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US Shale Oil Was Never Going To Stand Still

Business, China, Company Strategy, Economics, Oil & Gas, Technology, US
By John Richardson on 25-Mar-2016


By John Richardson

TECHNOLOGY doesn’t stand still. That’s the whole point about technology as any oil, gas or chemicals engineer will tell you.

The above chart is a fantastic example of this. It shows how the efficiency of US oil rigs, thanks to improvements in the fracking process, has improved by leaps and bounds from 2012 onwards.

The chart also tells you something else equally important: US inventories have risen to ever-greater record highs as fracking techniques have improved.

The good news is that many analysts predicted improvements in fracking technology, and thus have assumed lower production costs. But the bad news starts with the fact that most analysts have hugely underestimated the speed of innovation.

The even bleaker news is a widespread misunderstanding of how businesses have always worked in times of financial distress, which is just one of the reasons for the build-up in inventories:

  • Why shut down altogether and have no chance of paying anything back on your debt? This just doesn’t make sense – and has never been how the corporate world has worked.
  • Any company in any sector will instead continue to run their assets as its lack of cash-flow rather than debt that often kills companies.
  • And, anyway, banks can always be persuaded to write off debt. They often have little choice, as if they foreclosed on a company they might not get even one cent back.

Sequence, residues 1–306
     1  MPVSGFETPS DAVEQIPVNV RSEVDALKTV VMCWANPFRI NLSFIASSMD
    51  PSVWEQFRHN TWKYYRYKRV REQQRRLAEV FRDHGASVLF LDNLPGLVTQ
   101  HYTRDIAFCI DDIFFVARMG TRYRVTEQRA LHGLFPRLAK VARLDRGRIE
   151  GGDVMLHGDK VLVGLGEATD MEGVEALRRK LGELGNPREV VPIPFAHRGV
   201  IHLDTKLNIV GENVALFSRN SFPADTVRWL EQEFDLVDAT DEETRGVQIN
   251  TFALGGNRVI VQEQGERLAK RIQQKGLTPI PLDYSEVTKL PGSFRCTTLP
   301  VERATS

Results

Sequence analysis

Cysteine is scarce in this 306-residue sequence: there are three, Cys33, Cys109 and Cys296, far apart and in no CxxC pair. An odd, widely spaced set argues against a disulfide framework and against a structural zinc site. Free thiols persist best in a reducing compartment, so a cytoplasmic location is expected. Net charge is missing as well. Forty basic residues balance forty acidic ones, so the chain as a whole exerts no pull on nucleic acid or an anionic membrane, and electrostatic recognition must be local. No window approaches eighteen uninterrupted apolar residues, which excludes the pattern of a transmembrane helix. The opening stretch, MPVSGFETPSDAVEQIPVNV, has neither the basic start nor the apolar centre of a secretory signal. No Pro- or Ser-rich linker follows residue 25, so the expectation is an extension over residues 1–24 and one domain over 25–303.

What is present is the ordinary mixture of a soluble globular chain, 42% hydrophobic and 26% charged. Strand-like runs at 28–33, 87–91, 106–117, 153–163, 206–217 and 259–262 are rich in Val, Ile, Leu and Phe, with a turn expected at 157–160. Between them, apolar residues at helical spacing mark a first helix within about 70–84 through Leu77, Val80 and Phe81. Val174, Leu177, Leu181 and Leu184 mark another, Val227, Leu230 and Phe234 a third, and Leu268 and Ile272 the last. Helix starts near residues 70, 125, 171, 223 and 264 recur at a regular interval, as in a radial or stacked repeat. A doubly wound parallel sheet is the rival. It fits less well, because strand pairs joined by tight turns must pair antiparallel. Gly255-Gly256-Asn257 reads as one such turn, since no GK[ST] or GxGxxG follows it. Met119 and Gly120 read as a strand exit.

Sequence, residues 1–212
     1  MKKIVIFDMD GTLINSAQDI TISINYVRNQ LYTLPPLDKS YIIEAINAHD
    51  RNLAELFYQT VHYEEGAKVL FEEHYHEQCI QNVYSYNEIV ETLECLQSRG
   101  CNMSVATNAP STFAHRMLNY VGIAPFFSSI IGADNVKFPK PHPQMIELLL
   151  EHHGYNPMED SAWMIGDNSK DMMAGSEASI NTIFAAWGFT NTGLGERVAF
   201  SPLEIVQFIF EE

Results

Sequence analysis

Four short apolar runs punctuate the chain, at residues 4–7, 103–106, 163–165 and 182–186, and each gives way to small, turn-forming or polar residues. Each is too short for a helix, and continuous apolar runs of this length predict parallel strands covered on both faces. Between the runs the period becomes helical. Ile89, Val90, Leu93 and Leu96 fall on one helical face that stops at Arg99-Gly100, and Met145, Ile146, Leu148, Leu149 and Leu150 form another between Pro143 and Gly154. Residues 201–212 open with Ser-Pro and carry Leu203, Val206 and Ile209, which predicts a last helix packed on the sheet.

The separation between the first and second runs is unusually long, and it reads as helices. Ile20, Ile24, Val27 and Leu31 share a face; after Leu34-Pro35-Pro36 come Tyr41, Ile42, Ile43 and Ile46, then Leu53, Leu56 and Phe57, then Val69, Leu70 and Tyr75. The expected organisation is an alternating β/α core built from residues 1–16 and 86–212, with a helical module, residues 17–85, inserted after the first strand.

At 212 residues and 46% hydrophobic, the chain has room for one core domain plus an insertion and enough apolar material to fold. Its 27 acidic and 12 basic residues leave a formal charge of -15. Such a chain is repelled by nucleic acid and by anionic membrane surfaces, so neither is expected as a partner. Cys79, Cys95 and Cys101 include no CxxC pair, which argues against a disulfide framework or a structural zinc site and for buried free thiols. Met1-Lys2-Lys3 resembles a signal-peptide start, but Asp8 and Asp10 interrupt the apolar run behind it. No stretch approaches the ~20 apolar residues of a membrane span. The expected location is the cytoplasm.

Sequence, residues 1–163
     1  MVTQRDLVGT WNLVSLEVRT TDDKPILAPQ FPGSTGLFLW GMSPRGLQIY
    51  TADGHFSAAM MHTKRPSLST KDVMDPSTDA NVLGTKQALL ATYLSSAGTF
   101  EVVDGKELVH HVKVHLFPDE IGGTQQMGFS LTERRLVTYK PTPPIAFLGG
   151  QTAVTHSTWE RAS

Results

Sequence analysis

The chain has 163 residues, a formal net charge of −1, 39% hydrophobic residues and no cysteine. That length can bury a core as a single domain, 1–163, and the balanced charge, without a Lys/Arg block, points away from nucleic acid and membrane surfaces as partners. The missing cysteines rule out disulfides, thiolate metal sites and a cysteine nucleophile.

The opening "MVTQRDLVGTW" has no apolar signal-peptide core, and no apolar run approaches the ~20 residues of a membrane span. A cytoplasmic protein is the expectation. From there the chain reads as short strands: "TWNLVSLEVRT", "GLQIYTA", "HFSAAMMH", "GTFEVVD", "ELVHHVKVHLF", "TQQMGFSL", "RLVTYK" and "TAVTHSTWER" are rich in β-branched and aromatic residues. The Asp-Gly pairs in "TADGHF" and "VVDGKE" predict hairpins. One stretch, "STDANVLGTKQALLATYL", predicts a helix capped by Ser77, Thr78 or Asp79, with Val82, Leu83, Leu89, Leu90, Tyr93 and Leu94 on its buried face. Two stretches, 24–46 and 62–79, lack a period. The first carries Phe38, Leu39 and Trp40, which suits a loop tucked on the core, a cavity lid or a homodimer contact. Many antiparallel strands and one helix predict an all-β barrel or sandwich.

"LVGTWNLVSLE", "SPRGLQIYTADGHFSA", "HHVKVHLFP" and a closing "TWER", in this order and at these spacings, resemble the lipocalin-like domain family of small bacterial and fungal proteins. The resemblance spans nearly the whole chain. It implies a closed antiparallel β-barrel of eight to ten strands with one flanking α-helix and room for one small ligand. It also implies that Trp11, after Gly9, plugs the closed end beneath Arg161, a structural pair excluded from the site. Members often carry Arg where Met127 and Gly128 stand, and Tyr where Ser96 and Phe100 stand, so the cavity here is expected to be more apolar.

Combine this with the giant leaps in fracking technology and you have some of the important context you need to understand today’s chart.

What happens next? Production costs will keep coming down, and assets on the ground that might eventually go bankrupt will remain exactly that – assets on the ground. A private equity company might, say, come a long, buy up a shale oil asset debt free and then run it as hard as possible, as the private equity company will only have to cover variable costs.

There is also my long-standing argument that one of the few genuine bright spots in the US economy is shale oil – and, of course, shale gas as well. In a deflationary world, politicians on both sides of the US divide will be keen to provide every incentive possible that encourages greater oil and gas production. A good example of this was the recent decision to lift the ban on US oil exports.

Yes, I know, I am repeating the arguments I have made before – albeit backed up some powerful and very important new data. But I have to keep going – I have to keep plugging away at the harmful consensus out there – as I want your chemicals business to prosper.

The danger right now is that people will be knocking on your office door, eager to tell you that today’s recovery in oil prices undermines the wider arguments as to why we are in world of abundant and cheaper oil.

I am not going to say, “Don’t listen to them” – that would be wrong – as everyone is entitled to a hearing. What I would instead advise is how to frame one crucial question that you ask of these people. Rather than asking them “Why should oil prices fall to their long-term average price of $26/bbl?” you must pose the question in this way, “Why shouldn’t oil prices return to $26/bbl?”

Only then will you start to make some real progress.